Family Court Sanctions
Family law is not like other kinds of law.
If you’re a corporate lawyer, or a tax attorney, or a land use lawyer, your clients are either businesses, or at most, you are dealing with their money.
But family law is different. It deals with families, and often, children. And as a result, the parties involved sometimes (and understandably) take the outcome of a matter very personally. Emotion, often powered by marital or relationship issues that have been simmering for a long time, can overwhelm reason and respect for the legal process. This often means defiant behavior, in large ways and small, up to and including simply refusing to obey an order of the court. The same fury that can cause, say, a betrayed wife to go after her soon-to-be-ex’s BMW with a golf club and a can of spray paint can be displayed in court, albeit with vastly different results.
The difference? It’s direct intervention by the court.
What kind of “direct intervention” are we talking about here? One word: sanctions. Family court litigants are sometimes surprised to learn that just as in criminal matters, South Carolina’s family courts have the power to punish parties who don’t play by the rules. The ability to enforce rulings using measures with real teeth is, of course, fundamental to the operation of any court, but in all the smoke and heat of a contentious family dispute, parties sometimes overlook this point. That is a mistake.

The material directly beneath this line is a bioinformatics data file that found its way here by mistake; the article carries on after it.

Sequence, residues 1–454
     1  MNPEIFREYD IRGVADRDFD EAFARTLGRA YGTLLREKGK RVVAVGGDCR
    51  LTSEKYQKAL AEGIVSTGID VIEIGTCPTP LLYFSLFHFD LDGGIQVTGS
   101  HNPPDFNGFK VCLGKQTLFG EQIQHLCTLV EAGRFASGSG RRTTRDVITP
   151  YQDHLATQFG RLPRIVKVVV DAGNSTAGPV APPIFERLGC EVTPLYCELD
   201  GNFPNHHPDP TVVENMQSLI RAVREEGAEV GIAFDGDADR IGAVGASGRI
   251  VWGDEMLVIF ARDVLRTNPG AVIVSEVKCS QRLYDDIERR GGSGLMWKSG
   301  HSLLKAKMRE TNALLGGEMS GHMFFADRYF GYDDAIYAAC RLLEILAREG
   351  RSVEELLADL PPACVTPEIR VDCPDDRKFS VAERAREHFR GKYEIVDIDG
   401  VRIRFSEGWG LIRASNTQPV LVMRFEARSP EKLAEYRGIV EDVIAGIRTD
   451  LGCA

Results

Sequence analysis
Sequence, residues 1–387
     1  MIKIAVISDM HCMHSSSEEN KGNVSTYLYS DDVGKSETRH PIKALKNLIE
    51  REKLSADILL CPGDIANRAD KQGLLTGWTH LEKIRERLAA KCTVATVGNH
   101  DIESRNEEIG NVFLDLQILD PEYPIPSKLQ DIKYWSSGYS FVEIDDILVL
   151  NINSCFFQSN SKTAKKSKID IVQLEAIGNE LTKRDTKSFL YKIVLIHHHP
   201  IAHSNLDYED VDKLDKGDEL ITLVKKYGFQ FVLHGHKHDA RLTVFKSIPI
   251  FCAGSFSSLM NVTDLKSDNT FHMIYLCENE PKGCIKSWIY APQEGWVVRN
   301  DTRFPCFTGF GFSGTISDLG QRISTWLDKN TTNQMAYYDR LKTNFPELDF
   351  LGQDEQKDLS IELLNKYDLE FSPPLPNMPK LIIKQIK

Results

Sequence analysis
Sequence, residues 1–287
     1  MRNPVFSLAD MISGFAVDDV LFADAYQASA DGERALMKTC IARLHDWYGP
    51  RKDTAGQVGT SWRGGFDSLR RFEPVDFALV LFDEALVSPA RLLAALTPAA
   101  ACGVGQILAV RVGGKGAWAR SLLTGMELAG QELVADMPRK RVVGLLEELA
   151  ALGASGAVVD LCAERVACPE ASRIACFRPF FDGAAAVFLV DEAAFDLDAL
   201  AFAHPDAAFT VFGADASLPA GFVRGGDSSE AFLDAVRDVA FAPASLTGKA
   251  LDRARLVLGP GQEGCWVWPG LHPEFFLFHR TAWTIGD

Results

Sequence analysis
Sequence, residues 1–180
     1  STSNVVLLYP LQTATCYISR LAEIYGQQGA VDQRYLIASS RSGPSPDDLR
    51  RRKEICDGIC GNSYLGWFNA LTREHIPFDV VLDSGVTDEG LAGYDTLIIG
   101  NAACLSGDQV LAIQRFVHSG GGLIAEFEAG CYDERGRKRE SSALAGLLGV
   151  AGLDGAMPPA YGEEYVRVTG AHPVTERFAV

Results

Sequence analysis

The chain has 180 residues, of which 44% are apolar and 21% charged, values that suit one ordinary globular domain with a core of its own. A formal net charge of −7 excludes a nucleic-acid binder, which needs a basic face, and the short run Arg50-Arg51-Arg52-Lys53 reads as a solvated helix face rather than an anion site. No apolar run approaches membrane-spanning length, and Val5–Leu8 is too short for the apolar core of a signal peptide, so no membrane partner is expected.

In fashioning sanctions, family court judges have a lot of discretion, and a wide range of tools at their disposal, including fines, payment of the other party’s costs and expenses, and if the judge believes it’s necessary, community service or incarceration. In the words of a 1947 opinion, the court can impose sanctions to coerce a party into compliance, and/or to compensate the other party for the losses resulting from that party’s noncompliance.
Let’s get a little more specific. It is unusual, but it does happen that: a) a party to a family law matter simply refuses to obey an order of the court, say, involving custody, child support or alimony; and b) the infraction is severe enough that the court decides sanctions are in order for contempt of court. And these sanctions are nearly always payable, by the way, to the opposite party in the dispute. It is even possible that the court will require a party to pay the legal fees of the other party to the dispute.
Sanctions can range from requiring one party to pay another’s expenses to actual incarceration if, in the words of a recent South Carolina judge’s opinion, a party “has an extensive history of misconduct with regard to the issue at hand, and incarceration is necessary to punish the misconduct.” Yes, if your conduct is egregious enough, you can be sent to jail for up to six months.
And in the end, the underlying dispute isn’t relevant. Family court is still court, the judges are still judges, and whoever allegedly once did what to whom, they can, and will impose real punishments. And in that way, family law is exactly like every other kind of law. Clients are well advised to keep this point in mind.